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The major media companies are wrapping up the upfronts and the numbers are down approximately 15%. As a whole, business is down due to lower prices. Interestingly, the big broadcast networks are holding back more inventory than usual, which is what big broadcasters do if they think they can sell it for higher prices later in the season.

Twitter fell prey to a cyber attack that shut the micro-blogging network down for a few hours yesterday. The attack, which reportedly originated in Russia or Georgia, was a “denial-of-service attack,” in which hackers re-routed traffic from other sites to a specific site, in this case Twitter, in order to clog its servers. The attack also targeted YouTube and LiveJournal, but Twitter was by far hit the hardest.

Microsoft announced that its Office cloud-based offerings will be available at Office.com. The choice comes after Microsoft was unsure of how it would brand its web applications, as part of Bing, MSN, or its Windows Live division. While Microsoft is trying to compete with Google in cloud-based applications, it is yet to be determined whether or not the free apps will cut into Microsoft’s Office software business, which accounts for 60% of its income.

Comcast say profits increase 53% during the second quarter. The cable and Internet provider earned $967 million during the quarter on the strength of higher subscription rates and increased consumer spending. Comcast exceeded analysts expectations, with CEO Brian Roberts noting that “this is a very solid business in tough economic times…and I think we’re going to come out of it the strongest we’ve ever been.”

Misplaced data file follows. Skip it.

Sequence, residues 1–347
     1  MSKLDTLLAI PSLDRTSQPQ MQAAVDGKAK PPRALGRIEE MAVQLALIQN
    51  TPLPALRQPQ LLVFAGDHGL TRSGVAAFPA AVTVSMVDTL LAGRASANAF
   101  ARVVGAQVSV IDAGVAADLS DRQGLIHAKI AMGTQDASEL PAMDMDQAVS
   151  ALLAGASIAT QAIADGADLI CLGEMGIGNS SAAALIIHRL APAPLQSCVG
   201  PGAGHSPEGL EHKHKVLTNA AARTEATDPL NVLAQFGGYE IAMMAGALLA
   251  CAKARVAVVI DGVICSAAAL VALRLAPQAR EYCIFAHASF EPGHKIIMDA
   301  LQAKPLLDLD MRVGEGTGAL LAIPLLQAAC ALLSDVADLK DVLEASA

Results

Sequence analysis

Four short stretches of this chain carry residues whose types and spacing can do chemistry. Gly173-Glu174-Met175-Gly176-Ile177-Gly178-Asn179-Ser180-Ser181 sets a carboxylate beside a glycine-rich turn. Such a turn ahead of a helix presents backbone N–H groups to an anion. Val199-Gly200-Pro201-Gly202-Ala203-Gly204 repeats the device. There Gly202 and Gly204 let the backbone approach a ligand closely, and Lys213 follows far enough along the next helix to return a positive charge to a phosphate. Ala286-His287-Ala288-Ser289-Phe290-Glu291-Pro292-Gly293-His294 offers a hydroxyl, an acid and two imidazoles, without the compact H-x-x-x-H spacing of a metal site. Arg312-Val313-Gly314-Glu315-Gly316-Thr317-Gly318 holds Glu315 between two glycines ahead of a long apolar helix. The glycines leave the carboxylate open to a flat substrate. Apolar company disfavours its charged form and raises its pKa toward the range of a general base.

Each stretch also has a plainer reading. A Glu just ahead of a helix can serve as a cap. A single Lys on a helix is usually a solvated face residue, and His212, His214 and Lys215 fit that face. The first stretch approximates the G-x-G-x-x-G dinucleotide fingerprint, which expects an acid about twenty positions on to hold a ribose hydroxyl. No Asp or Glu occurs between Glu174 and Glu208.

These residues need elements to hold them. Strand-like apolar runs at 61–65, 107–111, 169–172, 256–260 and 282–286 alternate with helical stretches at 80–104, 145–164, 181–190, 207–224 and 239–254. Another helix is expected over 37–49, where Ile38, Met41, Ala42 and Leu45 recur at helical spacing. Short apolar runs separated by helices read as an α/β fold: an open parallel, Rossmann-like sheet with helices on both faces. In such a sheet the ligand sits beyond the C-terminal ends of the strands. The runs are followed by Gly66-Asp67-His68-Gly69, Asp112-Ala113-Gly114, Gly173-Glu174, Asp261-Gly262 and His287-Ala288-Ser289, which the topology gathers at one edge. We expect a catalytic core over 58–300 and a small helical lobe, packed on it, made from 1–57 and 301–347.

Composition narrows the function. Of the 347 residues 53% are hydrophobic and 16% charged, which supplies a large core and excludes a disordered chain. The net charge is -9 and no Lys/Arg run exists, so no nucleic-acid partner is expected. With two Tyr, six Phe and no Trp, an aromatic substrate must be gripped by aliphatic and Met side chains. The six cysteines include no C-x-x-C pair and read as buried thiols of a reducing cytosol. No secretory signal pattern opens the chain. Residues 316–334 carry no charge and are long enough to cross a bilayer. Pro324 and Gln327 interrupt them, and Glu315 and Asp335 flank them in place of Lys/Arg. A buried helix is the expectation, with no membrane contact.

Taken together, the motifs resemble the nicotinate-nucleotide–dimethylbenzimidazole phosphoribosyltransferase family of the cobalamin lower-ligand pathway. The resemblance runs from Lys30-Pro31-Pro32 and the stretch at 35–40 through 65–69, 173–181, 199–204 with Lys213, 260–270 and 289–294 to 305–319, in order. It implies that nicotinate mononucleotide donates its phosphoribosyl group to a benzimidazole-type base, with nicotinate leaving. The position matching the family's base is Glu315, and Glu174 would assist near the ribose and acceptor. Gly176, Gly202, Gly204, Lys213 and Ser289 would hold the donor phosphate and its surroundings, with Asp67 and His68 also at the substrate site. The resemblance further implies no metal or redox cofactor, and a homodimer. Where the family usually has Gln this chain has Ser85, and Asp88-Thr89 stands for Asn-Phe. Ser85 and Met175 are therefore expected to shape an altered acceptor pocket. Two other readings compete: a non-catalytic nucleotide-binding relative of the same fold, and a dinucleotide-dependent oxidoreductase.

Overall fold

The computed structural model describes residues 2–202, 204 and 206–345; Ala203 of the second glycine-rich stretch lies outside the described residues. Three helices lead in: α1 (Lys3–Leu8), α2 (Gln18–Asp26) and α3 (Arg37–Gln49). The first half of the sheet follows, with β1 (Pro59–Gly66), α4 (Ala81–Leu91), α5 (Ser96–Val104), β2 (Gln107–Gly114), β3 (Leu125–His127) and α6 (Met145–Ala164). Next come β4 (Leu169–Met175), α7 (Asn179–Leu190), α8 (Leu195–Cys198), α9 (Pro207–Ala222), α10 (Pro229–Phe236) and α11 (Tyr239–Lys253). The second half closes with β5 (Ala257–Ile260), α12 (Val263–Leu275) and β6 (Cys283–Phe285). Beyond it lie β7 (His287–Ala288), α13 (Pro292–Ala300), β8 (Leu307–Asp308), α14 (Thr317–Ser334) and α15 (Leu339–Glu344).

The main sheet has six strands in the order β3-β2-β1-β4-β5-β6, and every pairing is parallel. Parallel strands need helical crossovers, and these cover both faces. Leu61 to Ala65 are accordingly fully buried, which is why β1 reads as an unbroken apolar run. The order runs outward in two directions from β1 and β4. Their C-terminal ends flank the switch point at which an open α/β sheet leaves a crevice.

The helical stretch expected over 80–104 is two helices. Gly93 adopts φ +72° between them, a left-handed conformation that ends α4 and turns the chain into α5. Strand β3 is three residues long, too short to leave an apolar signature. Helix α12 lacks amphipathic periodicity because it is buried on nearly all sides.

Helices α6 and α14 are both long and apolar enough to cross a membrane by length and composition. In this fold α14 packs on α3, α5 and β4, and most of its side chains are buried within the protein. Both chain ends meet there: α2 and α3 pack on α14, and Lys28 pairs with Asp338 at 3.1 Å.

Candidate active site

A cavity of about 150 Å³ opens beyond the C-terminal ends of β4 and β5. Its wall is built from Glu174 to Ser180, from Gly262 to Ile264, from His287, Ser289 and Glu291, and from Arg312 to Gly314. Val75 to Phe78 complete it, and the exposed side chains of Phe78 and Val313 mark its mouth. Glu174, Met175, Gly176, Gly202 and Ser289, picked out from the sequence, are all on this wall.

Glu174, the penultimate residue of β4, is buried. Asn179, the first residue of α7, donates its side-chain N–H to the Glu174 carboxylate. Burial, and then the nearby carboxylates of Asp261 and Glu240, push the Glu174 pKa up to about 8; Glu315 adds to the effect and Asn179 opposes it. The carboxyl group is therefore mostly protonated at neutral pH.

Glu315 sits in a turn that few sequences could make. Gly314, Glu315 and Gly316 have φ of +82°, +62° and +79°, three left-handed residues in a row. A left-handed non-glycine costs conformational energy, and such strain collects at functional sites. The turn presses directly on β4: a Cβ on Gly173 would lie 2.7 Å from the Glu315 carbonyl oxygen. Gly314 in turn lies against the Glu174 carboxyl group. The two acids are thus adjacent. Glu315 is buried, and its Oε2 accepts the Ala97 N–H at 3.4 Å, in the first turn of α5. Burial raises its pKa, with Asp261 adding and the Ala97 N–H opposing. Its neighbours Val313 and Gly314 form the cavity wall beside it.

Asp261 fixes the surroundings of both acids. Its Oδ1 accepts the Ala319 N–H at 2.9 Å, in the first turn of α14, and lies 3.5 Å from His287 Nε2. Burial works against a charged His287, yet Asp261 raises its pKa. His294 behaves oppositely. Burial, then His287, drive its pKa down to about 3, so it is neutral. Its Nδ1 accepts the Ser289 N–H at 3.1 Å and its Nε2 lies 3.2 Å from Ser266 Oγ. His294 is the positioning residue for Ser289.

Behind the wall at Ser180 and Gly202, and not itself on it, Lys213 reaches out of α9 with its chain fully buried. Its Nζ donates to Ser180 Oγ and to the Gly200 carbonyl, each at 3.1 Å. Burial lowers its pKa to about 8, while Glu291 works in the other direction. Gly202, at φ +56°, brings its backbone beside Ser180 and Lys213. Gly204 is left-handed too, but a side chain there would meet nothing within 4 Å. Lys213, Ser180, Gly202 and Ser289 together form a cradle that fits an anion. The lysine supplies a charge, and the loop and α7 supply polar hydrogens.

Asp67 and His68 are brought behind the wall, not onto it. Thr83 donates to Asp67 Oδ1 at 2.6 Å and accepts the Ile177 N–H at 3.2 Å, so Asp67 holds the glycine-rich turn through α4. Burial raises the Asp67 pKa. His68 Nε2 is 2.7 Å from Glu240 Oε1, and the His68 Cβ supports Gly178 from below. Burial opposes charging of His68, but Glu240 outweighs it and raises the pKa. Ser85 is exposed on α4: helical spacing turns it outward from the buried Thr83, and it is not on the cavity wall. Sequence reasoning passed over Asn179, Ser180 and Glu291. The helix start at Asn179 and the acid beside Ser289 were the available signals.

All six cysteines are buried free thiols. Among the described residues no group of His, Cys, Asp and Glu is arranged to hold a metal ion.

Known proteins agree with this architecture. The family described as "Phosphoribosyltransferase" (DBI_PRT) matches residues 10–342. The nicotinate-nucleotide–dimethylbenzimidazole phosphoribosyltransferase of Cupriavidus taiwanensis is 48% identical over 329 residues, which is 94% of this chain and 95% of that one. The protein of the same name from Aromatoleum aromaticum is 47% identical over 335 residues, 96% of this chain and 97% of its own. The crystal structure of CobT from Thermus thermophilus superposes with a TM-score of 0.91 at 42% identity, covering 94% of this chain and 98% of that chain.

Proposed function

While Apple may only be the fifth-largest mobile phone company, it took 32% of mobile phone profits during the first half of 2009. A report by Bernstein Research analyst Toni Sacconaghi noted that while the Apple only account for 8% of mobile phone revenue, its profits proved that the company has made a major dent in the mobile phone business. With the cost of the iPhone now cheaper than ever before, analysts believe that Apple will see even greater profits from its smart phone division.

About Shelly Palmer

Shelly Palmer is the Professor of Advanced Media in Residence at Syracuse University’s S.I. Newhouse School of Public Communications and CEO of The Palmer Group, a consulting practice that helps Fortune 500 companies with technology, media and marketing. Named LinkedIn’s “Top Voice in Technology,” he covers tech and business for Good Day New York, is a regular commentator on CNN and writes a popular daily business blog. He's a bestselling author, and the creator of the popular, free online course, Generative AI for Execs. Follow @shellypalmer or visit shellypalmer.com.



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